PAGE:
An Eclipse Shadow Experiment
My favorite thing about eclipses is how all the shadows through trees become little crescents instead of round blurring spots.
This is related to why shadows from things farther away are fuzzier occurs, which is because the sun is a disk instead of a point. The fuzzy part corresponds to the area where you could see part of the sun. The fuzzy zone gets bigger farther from the object for the same reason that things look smaller in the distance.
In an eclipse, however, the sun casts blurry crescents instead of blurry circles. This is because each circle was a (doubly-mirrored) image of the sun in the sky, and during an eclipse, the sun looks like a fat crescent. When the light goes through a tiny hole, you get a clear but faint image (as in a pinhole camera). When the light goes through a larger hole, you get a brighter but fuzzier image. It's really lots of faint images on top of each other, but not lined up quite right. When you have a really big hole (or the open sky), there's images everywhere and they all balance out and it just looks like sunlight.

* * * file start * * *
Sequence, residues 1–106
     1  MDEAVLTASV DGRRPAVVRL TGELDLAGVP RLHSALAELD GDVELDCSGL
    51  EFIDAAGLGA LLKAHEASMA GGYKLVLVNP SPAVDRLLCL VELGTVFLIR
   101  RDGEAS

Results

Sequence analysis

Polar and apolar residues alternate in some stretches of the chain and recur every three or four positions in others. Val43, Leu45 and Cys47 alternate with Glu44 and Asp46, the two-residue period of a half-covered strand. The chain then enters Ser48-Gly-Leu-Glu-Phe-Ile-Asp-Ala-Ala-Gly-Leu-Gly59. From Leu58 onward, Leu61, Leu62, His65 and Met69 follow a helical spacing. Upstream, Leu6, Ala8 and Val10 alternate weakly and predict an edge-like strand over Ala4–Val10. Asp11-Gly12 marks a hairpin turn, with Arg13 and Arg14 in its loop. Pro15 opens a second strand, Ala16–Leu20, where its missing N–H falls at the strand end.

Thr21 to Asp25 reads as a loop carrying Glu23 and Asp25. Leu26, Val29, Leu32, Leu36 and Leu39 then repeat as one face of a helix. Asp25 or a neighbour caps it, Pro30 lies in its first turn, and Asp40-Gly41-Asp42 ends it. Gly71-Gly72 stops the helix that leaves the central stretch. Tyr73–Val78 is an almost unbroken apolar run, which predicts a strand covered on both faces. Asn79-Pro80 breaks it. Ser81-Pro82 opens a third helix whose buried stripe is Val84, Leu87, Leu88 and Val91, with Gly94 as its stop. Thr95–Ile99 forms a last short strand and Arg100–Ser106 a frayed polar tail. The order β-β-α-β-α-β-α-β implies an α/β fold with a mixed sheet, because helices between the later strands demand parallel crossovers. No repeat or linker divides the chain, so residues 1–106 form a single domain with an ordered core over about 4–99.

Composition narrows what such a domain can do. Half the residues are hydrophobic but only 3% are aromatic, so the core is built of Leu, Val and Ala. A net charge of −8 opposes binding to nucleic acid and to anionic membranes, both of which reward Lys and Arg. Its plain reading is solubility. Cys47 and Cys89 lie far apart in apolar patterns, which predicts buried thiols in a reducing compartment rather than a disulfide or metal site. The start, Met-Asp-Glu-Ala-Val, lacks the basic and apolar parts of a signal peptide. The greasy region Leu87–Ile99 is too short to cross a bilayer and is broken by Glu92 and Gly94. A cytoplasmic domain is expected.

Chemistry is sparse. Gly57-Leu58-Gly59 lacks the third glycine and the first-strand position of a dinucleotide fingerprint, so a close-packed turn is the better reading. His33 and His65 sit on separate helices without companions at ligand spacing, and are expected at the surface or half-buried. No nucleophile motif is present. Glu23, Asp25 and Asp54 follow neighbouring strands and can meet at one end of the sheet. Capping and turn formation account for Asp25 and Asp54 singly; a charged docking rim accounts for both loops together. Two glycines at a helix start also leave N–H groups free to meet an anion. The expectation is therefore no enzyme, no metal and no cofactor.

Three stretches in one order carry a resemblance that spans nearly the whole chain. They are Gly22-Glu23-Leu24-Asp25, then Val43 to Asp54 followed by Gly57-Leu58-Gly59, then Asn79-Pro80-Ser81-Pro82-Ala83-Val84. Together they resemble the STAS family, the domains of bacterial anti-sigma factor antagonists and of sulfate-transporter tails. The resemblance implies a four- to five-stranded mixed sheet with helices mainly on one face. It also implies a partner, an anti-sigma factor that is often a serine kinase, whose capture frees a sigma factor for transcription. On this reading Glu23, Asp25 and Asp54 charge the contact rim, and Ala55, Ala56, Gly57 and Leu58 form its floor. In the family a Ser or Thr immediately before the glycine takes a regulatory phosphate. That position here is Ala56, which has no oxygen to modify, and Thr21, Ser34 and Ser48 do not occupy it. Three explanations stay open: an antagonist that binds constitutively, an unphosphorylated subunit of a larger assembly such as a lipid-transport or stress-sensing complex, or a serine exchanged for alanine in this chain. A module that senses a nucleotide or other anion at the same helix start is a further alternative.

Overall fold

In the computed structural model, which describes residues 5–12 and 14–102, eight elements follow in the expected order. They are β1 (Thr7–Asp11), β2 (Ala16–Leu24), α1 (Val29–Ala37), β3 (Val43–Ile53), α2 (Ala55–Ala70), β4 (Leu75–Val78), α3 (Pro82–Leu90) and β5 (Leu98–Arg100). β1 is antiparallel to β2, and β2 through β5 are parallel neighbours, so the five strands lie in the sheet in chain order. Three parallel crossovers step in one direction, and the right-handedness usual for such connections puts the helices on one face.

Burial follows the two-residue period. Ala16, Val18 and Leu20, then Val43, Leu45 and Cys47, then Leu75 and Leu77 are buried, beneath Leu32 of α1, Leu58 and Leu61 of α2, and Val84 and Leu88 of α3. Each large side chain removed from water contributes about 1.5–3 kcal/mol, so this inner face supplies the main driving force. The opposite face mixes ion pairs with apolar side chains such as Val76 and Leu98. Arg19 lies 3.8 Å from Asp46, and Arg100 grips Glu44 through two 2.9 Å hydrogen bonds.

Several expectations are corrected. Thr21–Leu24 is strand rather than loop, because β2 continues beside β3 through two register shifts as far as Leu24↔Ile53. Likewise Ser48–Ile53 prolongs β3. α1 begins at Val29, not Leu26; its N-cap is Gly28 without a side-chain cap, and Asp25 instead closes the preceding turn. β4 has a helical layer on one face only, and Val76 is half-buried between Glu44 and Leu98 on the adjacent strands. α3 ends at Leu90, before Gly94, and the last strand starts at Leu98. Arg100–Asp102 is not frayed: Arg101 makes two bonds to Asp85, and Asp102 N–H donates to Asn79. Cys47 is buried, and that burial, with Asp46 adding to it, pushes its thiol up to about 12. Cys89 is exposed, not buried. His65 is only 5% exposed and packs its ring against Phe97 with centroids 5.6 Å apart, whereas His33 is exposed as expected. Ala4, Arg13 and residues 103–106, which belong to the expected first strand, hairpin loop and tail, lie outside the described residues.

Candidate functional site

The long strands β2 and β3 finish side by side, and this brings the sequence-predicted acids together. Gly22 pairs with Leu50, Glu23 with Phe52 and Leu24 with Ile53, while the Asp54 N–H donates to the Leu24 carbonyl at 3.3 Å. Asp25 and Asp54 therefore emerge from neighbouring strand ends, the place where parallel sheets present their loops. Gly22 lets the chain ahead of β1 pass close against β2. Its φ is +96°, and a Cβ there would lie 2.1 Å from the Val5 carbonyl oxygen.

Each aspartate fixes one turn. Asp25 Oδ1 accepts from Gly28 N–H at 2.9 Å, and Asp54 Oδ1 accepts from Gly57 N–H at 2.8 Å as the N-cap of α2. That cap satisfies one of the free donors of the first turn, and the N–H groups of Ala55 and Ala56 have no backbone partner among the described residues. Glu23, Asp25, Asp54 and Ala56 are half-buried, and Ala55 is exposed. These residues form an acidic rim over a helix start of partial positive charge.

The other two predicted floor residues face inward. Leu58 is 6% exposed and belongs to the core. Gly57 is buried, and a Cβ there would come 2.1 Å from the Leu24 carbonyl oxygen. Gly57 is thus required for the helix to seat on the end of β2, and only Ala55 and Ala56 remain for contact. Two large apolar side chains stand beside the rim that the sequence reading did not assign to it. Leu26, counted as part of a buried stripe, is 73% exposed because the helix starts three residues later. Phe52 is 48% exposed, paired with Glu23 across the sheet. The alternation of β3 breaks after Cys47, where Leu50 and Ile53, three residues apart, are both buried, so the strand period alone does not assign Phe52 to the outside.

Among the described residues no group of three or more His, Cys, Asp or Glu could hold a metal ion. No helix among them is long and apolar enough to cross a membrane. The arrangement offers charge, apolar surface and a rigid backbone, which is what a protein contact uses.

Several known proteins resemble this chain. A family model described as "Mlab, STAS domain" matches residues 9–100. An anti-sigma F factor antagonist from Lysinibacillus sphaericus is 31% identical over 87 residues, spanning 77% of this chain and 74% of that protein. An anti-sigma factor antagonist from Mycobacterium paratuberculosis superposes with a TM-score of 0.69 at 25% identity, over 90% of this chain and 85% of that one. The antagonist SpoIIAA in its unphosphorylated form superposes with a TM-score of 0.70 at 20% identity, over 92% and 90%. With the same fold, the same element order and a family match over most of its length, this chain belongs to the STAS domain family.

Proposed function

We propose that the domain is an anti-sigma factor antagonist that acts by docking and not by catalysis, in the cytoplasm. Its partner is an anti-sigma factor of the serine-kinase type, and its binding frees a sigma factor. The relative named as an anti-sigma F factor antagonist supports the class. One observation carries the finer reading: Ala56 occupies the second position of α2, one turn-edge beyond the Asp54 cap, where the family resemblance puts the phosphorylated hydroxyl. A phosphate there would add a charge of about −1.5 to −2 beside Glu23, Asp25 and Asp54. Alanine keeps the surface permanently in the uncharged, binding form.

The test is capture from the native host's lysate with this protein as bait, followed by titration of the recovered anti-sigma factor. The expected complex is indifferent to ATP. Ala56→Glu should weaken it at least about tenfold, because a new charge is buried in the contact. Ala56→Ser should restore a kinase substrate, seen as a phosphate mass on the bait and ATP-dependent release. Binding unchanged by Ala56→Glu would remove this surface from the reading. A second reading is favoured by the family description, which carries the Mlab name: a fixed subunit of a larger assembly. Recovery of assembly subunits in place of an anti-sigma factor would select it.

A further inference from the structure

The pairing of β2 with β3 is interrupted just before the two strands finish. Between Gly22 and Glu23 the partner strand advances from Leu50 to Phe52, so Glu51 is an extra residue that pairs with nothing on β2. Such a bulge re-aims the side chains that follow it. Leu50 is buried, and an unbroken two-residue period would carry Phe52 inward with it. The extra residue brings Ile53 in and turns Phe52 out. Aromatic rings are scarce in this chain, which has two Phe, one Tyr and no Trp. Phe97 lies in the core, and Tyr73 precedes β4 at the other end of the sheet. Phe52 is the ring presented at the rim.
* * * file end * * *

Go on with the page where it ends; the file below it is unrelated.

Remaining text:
On the eclipse a few days ago, I tried an experiment. I got a decorative "crystal" (i.e. ball of glass with lots of facets) that casts rainbows all over (reflection and refraction are both involved). Then I took it out in the eclipse light and got my mom to photograph the rainbows (I was holding the crystal at the time). My hypothesis is that the rainbows should be formed by a smeared crescent (the shape of the sun) instead of a smeared circle.
I think that's what happened, but it's hard to tell. Especially since I have no idea what angle the crescent should be at. I think the right rainbow in the second image has the crescent arms pointing right, with the bottom one longer. However, I would appreciate opinions from other people.
Note: The rainbow image has significant colour enhancement/repair.
Back to essays page
Back to home page